As the U.S. homicide rate declines, more people are killing each other and claiming self-defense—a trend most pronounced in states with “stand your ground” laws, reports the Wall Street Journal. These laws, which grant people more leeway to attack kill someone who is threatening them, are attracting scrutiny after the controversial killing of Trayvon Martin, 17, by a Florida neighborhood watchman. Florida has one of the broadest self-defense laws of the 25 states with some version of a “stand your ground” principle. So-called justifiable homicides nearly doubled from 2000 to 2010, when 326 were reported. Over that same period, total killings averaged 16,000 a year.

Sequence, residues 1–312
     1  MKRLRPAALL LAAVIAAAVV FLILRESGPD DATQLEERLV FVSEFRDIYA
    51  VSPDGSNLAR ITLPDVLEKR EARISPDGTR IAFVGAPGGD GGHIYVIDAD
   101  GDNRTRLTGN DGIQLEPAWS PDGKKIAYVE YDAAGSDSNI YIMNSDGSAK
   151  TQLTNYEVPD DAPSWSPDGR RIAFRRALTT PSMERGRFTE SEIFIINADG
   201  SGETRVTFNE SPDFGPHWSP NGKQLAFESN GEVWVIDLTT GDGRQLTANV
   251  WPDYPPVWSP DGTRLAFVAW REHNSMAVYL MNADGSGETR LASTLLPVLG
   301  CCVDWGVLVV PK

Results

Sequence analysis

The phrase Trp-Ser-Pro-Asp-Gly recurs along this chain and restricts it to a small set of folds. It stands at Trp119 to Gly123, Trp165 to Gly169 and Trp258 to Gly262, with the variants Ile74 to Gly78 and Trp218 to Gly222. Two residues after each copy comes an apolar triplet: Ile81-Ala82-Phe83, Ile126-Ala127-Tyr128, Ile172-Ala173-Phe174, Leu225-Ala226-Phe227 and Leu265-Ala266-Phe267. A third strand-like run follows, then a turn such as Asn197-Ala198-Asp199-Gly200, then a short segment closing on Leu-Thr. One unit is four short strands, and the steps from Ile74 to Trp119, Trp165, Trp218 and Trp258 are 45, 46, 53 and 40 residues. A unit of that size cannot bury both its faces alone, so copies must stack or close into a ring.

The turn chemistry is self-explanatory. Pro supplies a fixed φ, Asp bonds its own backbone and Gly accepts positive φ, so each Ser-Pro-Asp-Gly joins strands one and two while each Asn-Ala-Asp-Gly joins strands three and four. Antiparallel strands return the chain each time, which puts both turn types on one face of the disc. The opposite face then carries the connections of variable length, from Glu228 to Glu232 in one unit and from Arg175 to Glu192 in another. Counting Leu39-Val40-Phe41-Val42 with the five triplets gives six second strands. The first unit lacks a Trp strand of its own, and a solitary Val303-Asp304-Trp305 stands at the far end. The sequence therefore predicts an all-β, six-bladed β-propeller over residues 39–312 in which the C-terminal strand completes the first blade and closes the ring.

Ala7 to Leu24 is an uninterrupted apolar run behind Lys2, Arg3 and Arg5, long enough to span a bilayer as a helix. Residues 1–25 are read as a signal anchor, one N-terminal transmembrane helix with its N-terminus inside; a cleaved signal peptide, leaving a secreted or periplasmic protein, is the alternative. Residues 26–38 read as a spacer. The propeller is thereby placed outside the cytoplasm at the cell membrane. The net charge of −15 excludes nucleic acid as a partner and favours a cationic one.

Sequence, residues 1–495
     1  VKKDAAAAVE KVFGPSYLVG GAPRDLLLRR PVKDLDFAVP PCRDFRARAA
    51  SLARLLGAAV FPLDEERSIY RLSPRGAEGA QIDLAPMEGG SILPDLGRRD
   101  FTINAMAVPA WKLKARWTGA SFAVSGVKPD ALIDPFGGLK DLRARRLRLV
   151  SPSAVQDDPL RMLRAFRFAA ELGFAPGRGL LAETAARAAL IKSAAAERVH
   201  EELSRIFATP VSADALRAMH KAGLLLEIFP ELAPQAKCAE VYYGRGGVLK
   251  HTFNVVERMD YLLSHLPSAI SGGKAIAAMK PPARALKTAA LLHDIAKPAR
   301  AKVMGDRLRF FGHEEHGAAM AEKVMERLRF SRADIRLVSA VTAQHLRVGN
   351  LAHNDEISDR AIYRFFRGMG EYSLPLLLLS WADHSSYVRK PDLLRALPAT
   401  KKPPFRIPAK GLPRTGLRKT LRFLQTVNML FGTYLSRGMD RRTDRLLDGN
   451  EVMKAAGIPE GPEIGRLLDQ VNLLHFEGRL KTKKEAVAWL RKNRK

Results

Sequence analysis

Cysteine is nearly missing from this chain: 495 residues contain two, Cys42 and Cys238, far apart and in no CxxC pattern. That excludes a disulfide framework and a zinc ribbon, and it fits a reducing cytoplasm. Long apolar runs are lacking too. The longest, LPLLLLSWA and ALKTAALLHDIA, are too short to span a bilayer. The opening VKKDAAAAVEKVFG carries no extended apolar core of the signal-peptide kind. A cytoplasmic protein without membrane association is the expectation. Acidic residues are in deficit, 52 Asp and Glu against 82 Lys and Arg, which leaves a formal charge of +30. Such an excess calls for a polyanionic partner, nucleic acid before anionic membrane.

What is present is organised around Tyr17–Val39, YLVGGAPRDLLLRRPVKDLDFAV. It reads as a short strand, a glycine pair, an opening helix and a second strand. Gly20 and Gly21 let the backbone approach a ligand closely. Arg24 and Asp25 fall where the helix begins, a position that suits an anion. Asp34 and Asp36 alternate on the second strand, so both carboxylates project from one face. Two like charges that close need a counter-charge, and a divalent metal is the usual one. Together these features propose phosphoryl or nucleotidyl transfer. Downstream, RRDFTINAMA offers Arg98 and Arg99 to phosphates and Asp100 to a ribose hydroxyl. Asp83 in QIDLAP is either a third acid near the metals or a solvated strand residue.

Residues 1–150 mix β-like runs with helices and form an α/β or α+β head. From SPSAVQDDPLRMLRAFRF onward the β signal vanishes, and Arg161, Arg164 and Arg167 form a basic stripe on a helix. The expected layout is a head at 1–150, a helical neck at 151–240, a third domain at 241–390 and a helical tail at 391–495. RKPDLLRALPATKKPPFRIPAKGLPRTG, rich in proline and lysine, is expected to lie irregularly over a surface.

The data don’t capture why a killer felt threatened, or whether the victim was armed. In about 60 percent of justifiable-homicides in which the relationship between victim and killer was known, the pair were strangers. Among all homicides, when races differed, the victim was more often white. In justifiable-homicide cases, the opposite was true: The victim was more often black. Criminologist James Alan Fox of Northeastern University said that difference “is certainly, on the face of it, something that needs to be explored. Could it be an element of racism? You can’t necessarily assume that.” The full article is available only to paid subscribers.